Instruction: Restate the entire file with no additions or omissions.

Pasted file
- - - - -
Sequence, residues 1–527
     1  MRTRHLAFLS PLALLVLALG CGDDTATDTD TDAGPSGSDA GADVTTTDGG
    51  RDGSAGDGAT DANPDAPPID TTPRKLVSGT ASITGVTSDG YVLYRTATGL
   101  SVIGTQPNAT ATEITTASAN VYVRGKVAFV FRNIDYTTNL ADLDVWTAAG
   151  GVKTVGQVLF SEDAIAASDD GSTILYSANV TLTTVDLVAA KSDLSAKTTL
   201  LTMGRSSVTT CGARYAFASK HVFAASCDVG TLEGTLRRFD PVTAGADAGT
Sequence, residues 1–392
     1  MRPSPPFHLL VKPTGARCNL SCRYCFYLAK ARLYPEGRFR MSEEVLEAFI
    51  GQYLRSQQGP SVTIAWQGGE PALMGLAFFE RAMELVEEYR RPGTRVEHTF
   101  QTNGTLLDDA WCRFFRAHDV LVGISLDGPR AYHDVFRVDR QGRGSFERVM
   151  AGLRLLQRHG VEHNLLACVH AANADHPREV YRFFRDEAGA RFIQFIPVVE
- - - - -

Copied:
Sequence, residues 1–527
     1  MRTRHLAFLS PLALLVLALG CGDDTATDTD TDAGPSGSDA GADVTTTDGG
    51  RDGSAGDGAT DANPDAPPID TTPRKLVSGT ASITGVTSDG YVLYRTATGL
   101  SVIGTQPNAT ATEITTASAN VYVRGKVAFV FRNIDYTTNL ADLDVWTAAG
   151  GVKTVGQVLF SEDAIAASDD GSTILYSANV TLTTVDLVAA KSDLSAKTTL
   201  LTMGRSSVTT CGARYAFASK HVFAASCDVG TLEGTLRRFD PVTAGADAGT
Sequence, residues 1–392
     1  MRPSPPFHLL VKPTGARCNL SCRYCFYLAK ARLYPEGRFR MSEEVLEAFI
    51  GQYLRSQQGP SVTIAWQGGE PALMGLAFFE RAMELVEEYR RPGTRVEHTF
   101  QTNGTLLDDA WCRFFRAHDV LVGISLDGPR AYHDVFRVDR QGRGSFERVM
   151  AGLRLLQRHG VEHNLLACVH AANADHPREV YRFFRDEAGA RFIQFIPVVE